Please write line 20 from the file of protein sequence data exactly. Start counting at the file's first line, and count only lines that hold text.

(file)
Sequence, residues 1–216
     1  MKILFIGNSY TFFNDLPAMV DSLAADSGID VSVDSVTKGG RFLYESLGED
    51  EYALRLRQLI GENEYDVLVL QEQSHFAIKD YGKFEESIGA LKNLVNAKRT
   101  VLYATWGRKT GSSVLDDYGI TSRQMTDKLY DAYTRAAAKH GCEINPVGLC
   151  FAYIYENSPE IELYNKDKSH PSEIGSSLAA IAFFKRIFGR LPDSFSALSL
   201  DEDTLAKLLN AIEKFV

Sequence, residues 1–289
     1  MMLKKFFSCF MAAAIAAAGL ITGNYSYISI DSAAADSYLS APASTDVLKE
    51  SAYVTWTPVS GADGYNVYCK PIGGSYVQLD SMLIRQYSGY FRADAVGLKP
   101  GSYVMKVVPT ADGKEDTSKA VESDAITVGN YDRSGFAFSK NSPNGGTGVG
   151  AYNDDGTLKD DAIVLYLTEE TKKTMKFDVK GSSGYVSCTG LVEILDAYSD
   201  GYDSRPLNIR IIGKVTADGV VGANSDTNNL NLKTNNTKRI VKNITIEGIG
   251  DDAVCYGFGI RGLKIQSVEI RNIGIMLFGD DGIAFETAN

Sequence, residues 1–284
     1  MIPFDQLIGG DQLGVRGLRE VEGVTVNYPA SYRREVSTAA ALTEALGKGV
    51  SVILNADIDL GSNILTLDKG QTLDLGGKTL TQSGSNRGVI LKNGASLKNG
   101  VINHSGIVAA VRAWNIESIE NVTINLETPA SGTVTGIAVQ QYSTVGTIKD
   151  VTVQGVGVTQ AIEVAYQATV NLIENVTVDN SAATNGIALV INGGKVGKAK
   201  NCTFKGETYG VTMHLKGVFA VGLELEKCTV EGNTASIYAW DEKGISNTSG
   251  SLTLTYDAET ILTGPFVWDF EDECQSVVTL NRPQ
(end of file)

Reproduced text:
   251  SLTLTYDAET ILTGPFVWDF EDECQSVVTL NRPQ